In children in Great Britain, leukaemia is the most common cancer, accounting for around a third (31% in boys and 29% in girls) of all cases in 2006-2008.[5,6

In male teenagers and young adults in the UK, germ cell tumours are the most common cancers, accounting for more than a quarter (27%) of all cases in 2000-2009.[7]

In males aged 25-49 in the UK, testicular cancer is the most common cancer, accounting for around 3 in 20 (14%) of all cases in 2012-2014.[1-4]

In males aged 50-74 in the UK, prostate cancer is the most common cancer, accounting for more than a quarter (29%) of all cases in 2012-2014.[1-4]

In males aged 75+ in the UK, prostate cancer is the most common cancer, accounting for a quarter (25%) of all cases in 2012-2014.[1-4]

References

  1. Data were provided by the Office for National Statistics on request, June 2016. Similar data can be found here: http://www.ons.gov.uk/peoplepopulationandcommunity/healthandsocialcare/conditionsanddiseases/bulletins/cancerregistrationstatisticsengland/previousReleases
  2. Data were provided by ISD Scotland on request, May 2016. Similar data can be found here: http://www.isdscotland.org/Health-Topics/Cancer/Publications/ 
  3. Data were provided by the Welsh Cancer Intelligence and Surveillance Unit, Health Intelligence Division, Public Health Wales on request, June 2016. Similar data can be found here: http://ww.wcisu.wales.nhs.uk
  4. Data were provided by the Northern Ireland Cancer Registry on request, May 2016. Similar data can be found here: http://www.qub.ac.uk/research-centres/nicr/
  5. Childhood Cancer Research Group. (Accessed December 2012)
  6. Stiller CA. Childhood cancer in Britain: Incidence, survival, mortality. Oxford: Oxford University Press; 2007.
Last reviewed:

The five most common cancers in males and females vary considerably by age group, with particular differences in the cancer types diagnosed in children, teenagers and young adults, compared with the types diagnosed in older people.[1-7]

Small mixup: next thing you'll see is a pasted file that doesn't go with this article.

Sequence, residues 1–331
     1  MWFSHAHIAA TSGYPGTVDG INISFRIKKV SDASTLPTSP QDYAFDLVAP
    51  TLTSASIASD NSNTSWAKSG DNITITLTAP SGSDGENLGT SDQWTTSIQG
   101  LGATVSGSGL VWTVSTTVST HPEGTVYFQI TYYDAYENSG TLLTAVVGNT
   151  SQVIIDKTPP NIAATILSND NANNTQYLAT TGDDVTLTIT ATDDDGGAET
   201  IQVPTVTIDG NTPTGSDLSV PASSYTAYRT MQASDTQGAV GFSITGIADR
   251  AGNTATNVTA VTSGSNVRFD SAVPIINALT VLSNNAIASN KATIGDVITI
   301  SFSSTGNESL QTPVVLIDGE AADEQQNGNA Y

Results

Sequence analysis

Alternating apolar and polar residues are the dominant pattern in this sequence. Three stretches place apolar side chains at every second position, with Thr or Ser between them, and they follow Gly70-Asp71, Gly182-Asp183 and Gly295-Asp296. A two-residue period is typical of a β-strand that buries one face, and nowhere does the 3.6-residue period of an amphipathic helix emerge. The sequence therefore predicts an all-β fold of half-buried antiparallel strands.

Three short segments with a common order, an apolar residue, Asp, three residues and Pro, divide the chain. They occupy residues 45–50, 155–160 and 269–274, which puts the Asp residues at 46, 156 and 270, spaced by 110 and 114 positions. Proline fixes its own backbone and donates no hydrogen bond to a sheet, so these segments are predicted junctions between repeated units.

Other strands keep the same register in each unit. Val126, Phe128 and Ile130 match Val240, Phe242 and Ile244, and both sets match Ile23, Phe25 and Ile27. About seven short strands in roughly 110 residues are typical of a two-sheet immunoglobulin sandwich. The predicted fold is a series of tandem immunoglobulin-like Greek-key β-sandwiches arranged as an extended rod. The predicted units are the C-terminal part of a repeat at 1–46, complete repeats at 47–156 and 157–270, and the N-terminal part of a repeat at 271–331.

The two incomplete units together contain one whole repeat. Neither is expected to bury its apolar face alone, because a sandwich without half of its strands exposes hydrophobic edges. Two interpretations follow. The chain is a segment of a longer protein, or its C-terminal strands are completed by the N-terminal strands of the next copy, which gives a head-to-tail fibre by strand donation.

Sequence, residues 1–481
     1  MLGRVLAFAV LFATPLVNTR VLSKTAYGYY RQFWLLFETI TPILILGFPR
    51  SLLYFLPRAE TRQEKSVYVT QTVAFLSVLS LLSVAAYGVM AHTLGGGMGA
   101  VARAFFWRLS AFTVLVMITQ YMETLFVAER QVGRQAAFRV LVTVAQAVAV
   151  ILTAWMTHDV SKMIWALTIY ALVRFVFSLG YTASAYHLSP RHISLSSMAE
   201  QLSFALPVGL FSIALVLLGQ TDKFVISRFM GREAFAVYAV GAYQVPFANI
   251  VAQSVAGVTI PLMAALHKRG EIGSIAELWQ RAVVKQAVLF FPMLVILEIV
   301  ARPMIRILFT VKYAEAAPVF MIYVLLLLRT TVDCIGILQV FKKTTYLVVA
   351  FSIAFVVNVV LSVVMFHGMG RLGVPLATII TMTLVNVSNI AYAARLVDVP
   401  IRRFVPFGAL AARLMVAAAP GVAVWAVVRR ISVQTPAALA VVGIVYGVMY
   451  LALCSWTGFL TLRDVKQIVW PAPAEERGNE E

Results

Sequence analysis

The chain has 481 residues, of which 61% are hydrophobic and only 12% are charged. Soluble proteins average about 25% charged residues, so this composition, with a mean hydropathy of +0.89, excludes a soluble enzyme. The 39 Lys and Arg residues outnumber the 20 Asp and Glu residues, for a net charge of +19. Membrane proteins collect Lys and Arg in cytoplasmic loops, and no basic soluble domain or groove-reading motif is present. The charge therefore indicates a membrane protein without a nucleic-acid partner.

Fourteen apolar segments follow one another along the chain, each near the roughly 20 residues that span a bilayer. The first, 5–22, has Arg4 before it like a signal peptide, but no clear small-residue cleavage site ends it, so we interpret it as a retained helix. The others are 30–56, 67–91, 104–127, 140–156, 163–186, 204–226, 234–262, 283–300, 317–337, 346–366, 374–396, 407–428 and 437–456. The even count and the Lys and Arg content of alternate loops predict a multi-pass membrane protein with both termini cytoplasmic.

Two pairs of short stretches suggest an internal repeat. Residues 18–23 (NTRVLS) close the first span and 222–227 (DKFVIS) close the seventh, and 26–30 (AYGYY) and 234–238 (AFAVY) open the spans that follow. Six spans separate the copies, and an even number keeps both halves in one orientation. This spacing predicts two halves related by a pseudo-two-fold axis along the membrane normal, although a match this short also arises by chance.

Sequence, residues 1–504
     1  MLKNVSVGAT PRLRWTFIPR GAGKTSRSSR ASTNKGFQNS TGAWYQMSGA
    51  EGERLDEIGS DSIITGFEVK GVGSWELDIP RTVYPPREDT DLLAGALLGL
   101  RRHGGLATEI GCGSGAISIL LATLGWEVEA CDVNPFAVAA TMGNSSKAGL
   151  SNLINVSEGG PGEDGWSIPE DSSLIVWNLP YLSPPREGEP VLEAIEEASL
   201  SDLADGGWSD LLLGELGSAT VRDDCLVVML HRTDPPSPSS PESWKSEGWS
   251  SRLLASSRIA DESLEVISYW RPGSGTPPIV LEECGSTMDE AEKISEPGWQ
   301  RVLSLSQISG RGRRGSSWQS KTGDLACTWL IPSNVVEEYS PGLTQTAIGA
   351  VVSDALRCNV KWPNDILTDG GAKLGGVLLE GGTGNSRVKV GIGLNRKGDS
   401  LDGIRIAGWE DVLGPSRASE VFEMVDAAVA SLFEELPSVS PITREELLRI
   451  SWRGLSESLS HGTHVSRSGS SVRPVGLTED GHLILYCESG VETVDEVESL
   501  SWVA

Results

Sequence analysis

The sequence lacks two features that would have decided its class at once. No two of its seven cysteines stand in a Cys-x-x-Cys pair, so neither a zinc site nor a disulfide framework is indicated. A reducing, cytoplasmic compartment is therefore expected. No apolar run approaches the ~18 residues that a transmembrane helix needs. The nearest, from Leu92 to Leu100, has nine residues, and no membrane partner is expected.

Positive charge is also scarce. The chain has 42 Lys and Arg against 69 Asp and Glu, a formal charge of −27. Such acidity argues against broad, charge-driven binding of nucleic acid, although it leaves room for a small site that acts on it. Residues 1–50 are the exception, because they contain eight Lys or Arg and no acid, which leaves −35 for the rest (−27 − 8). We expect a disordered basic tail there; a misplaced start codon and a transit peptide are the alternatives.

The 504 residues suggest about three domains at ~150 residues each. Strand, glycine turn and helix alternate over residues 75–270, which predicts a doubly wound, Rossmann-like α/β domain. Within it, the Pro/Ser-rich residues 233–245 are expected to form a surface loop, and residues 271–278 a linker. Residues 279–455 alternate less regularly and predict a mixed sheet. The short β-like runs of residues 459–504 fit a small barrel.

The Five Most Commonly Diagnosed Cancers in Females, Average Percentages and Numbers of New Cases, by Age, UK, 2012-2014

This chart excludes non-melanoma skin cancer because of known under-reporting. For the 25-49 age group, data in this chart do not sum to the all cancers combined total provided elsewhere, because 'Brain, other CNS (central nervous system) and intracranial' includes tumours that are malignant, benign and of uncertain or unknown behaviour but only the malignant tumours are included in 'all cancers combined' total. Percentages may not sum to 100% due to rounding. SNS: Sympathetic nervous system. Brain tumours: brain, other central nervous system (CNS) and intracranial tumours, including malignant, benign and uncertain or unknown behaviour tumours. Germ cell tumours e.g. testicular germ cell tumours. Carcinomas e.g. thyroid, cervix, bowel and ovary tumours, Children: cases 2006-2008, Great Britain. Teenagers and young adults: cases 2000-2009, UK.

In children in Great Britain, leukaemia is the most common cancer, accounting for around a third (31% in boys and 29% in girls) of all cases in 2006-2008.[5,6]

In female teenagers and young adults in the UK, carcinomas are the most common cancers, accounting for around a third (31%) of all cases in 2000-2009.[7]

In females aged 25-49 in the UK, breast cancer is the most common cancer, accounting for more than 4 in 10(44%) of all cases in 2012-2014.[1-4]